This post is part of an occasional series on traffic signals. This time, I'm discussing push buttons at crossings.
We all know about push buttons at crossings (stand alone or at junctions). They are there to register a demand from people who wish to cross the road;
They are the familiar boxes with the yellow shells (see a toucan crossing above) either attached to the traffic signal post or as a separate post. You also see them as slightly smaller boxes where a second push button is provided such as this chilly example;
There are various push button layouts for various situations;
There are two things to accept when we talk about people having to push a button to register their demand to proceed;
- Traffic signals are there to manage motorised traffic.
- The ultimate decision on highway space is political.
So, we end up with the simple act of wanting to cross the road being bumped down the pecking order by both traffic and politics. because we've seen the car as freedom and the politics supported this leaving it harder to cross the road in some places.
Detection for general traffic is pretty much universal using sensors in the road and on the traffic signals. It can be very clever counting vehicles through junctions and the control computers can adapt on the fly. Cycle traffic gets a bit of this where dedicated space is provided, although push buttons are still common.
People on foot (and I include those using wheeled mobility aids) get the raw deal because they have to press a button. Because of the way we configure space and that push buttons are mainly on poles near the kerb, we often make it hard or impossible for some people to press the button. In this film, Esther shows us that poor positioning of push buttons at this crossing makes it impossible for her to reach the button when using her wheelchair;
The problem here is the layout of the island with the push button on a post behind a kerb, so she cannot get close enough to press and so this could potentially be solved with some works, but is does show how easy it is to install something which is useless for many people.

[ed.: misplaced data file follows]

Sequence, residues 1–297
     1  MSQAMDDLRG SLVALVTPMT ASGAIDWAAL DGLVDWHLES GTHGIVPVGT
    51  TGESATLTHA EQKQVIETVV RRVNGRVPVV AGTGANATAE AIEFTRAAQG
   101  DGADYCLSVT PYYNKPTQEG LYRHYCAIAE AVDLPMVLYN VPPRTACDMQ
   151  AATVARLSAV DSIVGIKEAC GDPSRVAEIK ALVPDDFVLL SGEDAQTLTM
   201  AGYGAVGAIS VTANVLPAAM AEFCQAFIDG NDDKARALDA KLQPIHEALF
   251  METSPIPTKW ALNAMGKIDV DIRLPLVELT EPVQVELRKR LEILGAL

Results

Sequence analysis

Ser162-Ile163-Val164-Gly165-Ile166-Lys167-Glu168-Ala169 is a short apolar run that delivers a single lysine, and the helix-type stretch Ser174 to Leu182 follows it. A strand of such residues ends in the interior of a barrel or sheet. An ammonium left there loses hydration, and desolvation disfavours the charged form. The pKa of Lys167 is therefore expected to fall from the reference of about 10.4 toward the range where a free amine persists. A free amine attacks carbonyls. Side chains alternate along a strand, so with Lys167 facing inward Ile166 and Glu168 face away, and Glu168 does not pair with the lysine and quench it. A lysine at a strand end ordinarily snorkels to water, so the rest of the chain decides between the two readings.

It's also a problem for users of non-standard cycles where the push button cannot be reached without sticking the front of the cycle into the road or for hand cyclists and recumbent users, they are also seated lower down;
The above photo is a little bit of fun, but from my seated position, there is no way I could reach the button and unlike me, there are people who cannot easily dismount or dismount at all.
At multi-stage crossings where there is only one direction people are going to leave the central island (like where Esther was crossing), I think that the signal push buttons should be linked. There is no technical reason why pushing a button cannot register demand at the right time from the island.
Elsewhere, we have to think about how we can avoid people having to push a button at all. It would be possibly to run signals on a timer so the green man (and/ or bike) comes in every so often, but people should be able to turn up and cross and like drivers, we need detection.
I have never seen one myself, but pressure mats have been used in the UK to register someone waiting to cross - there is a report from the early 1990s on the testing of puffin crossings, although this was more about detecting that someone had walked off so the demand could be cancelled. The problem with this technology is that having stuff recessed into the ground puts it at risk from water and failure.
Modern crossings now use clever detection to sense people standing at a crossing using infrared or video with artificial intelligence tracking people through a space. There are companies looking at technology and in London, a pedestrian version of SCOOT is being tested which can extend green times where there are more people wanting to cross.
In time, we should see detection taking over from the need to push a button. I don't know if we'll see the end of the push button completely, but it would be nice to see new displays appearing which can reassure people that they have been "seen" and even better, how long they have until they get to cross (like many other countries manage). Eventually, we need more places were we get rid of traffic to the point where we need far fewer traffic signals, but that's another story!
This post is part of an occasional series on traffic signals - for more posts, search "Traffic Signal Pie" in the search bar or click here.